Traumatic brain injury , a risk factor in midlife, is often caused by injuries sustained from automobile, sports accidents and exposure to blasts among members of the military. Severe TBI is linked to abnormal tau proteins, a biomarker of Alzheimers. People aged 50 years or older with a history of TBI are at an increased risk of dementia compared to those without TBI.

    Meanwhile, falls are the leading cause of TBI among older adults. And older adults with concussion have double the risk of dementia.

    Heres what you can do:To reduce risk of falls for older adults, doing balance exercises and maintaining muscle strength especially in the legs is crucial, Larson said. Lookout for items around your home which can cause a trip. And avoid walking on slick surface barefoot or with stockings.

    Read more about past research on TBI and dementia among military veterans, and the different proteins involved in TBI.

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    While Dementia Is Not Necessarily Preventable Scientists Now Understand Even More Clearly The Extent To Which Some Lifestyle Changes Can Significantly Lower Ones Odds Of Developing Dementia Here Are 12 Risk Factors That Could Potentially Delay Or Prevent 40 Percent Of Dementia Cases Worldwide

    Researchers project the number of people living with dementia, a neurodegenerative syndrome which currently afflicts 50 million people worldwide, will more than triple by 2050, soaring to 152 million cases globally. But experts in a recent report say two in five dementia cases could potentially be delayed or prevented by certain lifestyle choices and government policies.

    The report builds on the previous nine risk factors identified by the Lancet Commission on dementia prevention, intervention and care, and adds three additional risk factors air pollution, traumatic brain injury and excessive consumption of alcohol.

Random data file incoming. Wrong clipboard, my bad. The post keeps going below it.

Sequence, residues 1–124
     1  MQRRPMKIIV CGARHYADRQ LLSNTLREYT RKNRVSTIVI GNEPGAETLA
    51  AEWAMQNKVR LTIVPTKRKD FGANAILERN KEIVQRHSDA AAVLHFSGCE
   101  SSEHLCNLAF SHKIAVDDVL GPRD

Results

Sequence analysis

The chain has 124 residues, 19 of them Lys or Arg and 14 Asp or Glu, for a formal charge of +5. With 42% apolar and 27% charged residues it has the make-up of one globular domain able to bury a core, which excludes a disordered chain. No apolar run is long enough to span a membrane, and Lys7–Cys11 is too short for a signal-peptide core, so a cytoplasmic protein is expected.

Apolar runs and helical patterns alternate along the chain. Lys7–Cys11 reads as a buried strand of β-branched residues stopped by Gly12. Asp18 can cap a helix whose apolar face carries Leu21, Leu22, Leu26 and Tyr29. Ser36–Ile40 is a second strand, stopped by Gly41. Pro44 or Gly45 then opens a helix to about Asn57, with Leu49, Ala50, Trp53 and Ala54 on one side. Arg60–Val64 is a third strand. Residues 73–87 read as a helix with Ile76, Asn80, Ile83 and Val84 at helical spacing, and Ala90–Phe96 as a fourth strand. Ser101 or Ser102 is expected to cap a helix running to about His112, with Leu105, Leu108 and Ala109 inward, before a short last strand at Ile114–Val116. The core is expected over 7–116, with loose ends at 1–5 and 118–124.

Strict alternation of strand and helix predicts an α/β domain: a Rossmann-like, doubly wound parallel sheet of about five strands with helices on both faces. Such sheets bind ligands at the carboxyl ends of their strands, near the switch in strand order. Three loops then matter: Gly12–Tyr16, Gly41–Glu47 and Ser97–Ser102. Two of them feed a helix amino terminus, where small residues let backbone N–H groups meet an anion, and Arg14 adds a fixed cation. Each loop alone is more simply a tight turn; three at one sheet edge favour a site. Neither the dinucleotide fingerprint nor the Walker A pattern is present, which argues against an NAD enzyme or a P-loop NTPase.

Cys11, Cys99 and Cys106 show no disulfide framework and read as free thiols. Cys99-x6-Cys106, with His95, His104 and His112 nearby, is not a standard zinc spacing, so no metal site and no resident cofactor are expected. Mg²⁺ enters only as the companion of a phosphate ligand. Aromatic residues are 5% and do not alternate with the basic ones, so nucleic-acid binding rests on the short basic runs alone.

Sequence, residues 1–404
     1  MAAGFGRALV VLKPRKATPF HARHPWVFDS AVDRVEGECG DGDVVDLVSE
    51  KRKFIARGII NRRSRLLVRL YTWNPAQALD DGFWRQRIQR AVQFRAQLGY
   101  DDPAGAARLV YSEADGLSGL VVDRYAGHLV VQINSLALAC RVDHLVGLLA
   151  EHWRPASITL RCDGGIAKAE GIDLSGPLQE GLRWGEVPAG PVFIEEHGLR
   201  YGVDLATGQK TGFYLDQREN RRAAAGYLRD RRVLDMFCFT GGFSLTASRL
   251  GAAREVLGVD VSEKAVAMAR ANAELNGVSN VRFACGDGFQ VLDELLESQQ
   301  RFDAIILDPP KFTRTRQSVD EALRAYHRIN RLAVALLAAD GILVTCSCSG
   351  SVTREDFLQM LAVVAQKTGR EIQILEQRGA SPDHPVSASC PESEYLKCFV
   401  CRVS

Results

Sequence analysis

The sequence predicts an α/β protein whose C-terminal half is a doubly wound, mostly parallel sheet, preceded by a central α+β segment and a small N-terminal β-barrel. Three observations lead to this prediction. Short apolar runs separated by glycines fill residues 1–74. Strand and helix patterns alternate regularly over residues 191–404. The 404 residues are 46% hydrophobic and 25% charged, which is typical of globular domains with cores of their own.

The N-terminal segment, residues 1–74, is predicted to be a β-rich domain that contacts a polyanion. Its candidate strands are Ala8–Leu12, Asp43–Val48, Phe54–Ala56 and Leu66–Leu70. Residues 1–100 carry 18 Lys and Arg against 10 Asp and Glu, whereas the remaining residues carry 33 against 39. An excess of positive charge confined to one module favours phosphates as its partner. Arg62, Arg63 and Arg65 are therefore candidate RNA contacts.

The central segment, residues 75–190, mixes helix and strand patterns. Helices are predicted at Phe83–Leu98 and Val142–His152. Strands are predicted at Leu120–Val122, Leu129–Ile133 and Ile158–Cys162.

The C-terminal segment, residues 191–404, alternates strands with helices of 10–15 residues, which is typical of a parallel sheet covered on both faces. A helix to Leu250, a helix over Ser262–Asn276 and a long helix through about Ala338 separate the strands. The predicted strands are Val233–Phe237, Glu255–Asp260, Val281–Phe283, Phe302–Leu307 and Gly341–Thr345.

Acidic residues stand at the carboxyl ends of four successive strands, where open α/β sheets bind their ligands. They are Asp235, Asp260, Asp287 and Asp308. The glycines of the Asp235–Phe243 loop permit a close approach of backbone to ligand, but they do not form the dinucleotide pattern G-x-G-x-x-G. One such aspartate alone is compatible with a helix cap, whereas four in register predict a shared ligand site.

Eric Larson, an author of the study and senior investigator at Kaiser Permanente Washington Health Research Institute in Seattle, said just as people cant control their genetics, people in their 40s cant retroactively change their socioeconomic circumstances in early life but people of all ages can, to varying extents, make lifestyle choices like habitual exercising to improve their health.

    In my own practice, Ive been telling patients it would be a good idea to exercise regularly, Larson said. When they found out that you could preserve your brain and reduce your risk of dementia, it was actually a powerful motivator for many people to become a regular exerciser.

    Being Patient takes a closer look at how each risk factor is linked to dementia.

    Conditions With Symptoms Similar To Dementia

    Tips and Ideas To Get Your Alzheimers or Dementia Parent ...

    Remember that many conditions have symptoms similar to dementia, so it is important not to assume that someone has dementia just because some of the above symptoms are present. Strokes, depression, excessive long-term alcohol consumption, infections, hormonal disorders, nutritional deficiencies and brain tumours can all cause dementia-like symptoms. Many of these conditions can be treated.

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    Determining Whether A Person Has The Capacity To Give Informed Consent